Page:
The moisturizer that's best for you and the frequency with which you need to moisturize depends on many factors, including your skin type, your age and whether you have specific conditions such as acne. A good way to test if you need a moisturizer is to wait 20 minutes after bathing. If your skin feels tight, you should apply a moisturizer.
Select a moisturizer with a sun protection factor (SPF) of at least 15 to help protect your skin from damaging ultraviolet rays. If you have sensitive skin, look for products free of heavy dyes, perfumes or other additives. If your skin is very dry, you may want to apply an oil, such as baby oil, while your skin is still moist. Oil has more staying power than moisturizers do and prevents the evaporation of water from the surface of your skin. If your skin is oily, you may want to skip moisturizing.
Shaving is a common and inexpensive way to remove unwanted hair. But shaving can cause skin irritations, especially if your skin is thin, dry or very sensitive.
For a smooth shave:
- Press a warm wash cloth on your skin before shaving to soften the hair. Or shave after a warm bath or shower.
- Don't shave dry skin, which can cause razor burn. Apply shaving cream, lotion or gel before shaving to protect and lubricate your skin.
- Use a clean, sharp razor. If using an electric razor, don't use the closest setting, which can irritate the skin.
- Shave in the direction of hair growth, not against it.
- Rinse your skin afterwards with warm water.
If irritation does occur, apply a lotion that doesn't contain ethyl or isopropyl alcohol. Though alcohol and alcohol-based products may feel cooling, they don't really soothe irritated skin because the alcohol evaporates rapidly from the skin.
Eat a healthy diet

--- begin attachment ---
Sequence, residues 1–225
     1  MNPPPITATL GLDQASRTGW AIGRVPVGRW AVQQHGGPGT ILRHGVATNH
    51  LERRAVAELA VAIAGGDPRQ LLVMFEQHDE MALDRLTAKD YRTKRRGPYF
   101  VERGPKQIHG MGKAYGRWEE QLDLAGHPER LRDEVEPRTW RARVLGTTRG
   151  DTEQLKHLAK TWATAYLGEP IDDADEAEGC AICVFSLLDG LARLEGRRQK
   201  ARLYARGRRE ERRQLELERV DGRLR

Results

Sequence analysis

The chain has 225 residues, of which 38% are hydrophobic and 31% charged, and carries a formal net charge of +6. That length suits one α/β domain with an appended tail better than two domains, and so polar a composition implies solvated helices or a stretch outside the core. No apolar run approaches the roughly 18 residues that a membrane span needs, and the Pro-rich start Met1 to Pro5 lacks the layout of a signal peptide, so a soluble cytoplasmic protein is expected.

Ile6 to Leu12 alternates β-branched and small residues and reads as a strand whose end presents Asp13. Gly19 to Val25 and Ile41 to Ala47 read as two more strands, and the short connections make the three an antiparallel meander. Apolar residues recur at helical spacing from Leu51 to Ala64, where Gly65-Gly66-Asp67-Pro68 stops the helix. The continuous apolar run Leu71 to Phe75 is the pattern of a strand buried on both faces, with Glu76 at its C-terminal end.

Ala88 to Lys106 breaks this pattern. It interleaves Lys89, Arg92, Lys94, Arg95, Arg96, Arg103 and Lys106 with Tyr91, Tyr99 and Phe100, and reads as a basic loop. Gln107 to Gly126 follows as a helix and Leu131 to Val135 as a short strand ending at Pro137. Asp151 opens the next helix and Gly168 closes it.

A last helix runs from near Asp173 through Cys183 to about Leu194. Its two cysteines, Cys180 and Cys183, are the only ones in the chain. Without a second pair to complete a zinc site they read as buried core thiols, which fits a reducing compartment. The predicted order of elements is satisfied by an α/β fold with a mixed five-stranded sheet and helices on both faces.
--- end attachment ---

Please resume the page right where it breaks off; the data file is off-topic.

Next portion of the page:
A healthy diet can help you look and feel your best. Eat plenty of fruits, vegetables, whole grains and lean proteins. The association between diet and acne isn't clear — but some research suggests that a diet rich in vitamin C and low in unhealthy fats and processed or refined carbohydrates might promote younger looking skin.
Uncontrolled stress can make your skin more sensitive and trigger acne breakouts and other skin problems. To encourage healthy skin — and a healthy state of mind — take steps to manage your stress. Set reasonable limits, scale back your to-do list and make time to do the things you enjoy. The results might be more dramatic than you expect.
Sunday, February 12, 2012
Because of the compromised condition of a lymphovenous limb, we are often susceptible to a large number of skin complications. These may include various skin growths such as skin tags, warts, dermatofibromas, lymphangiomas, rashes, fungal infections, superficial bacterial infections infections which include as impetigo, folliculitis, carbuncles, furuncles and boils and weeping sores.
With lymphedema, some types untreated skin conditions can lead to serious consequences including systemic infections (sepsis), gangrene, amputation and even death.
We should daily, before wrapping or bandaging,use skin lotion to help keep the skin soft and to prevent chapping or cracking from dryness. Our skin is the front line of defense against invasive bacterial or fungal infections.
Good skin health is critical to our overall good health
The information below is taken from a variety of sources and are all good helpful info on keeping our skin healthy.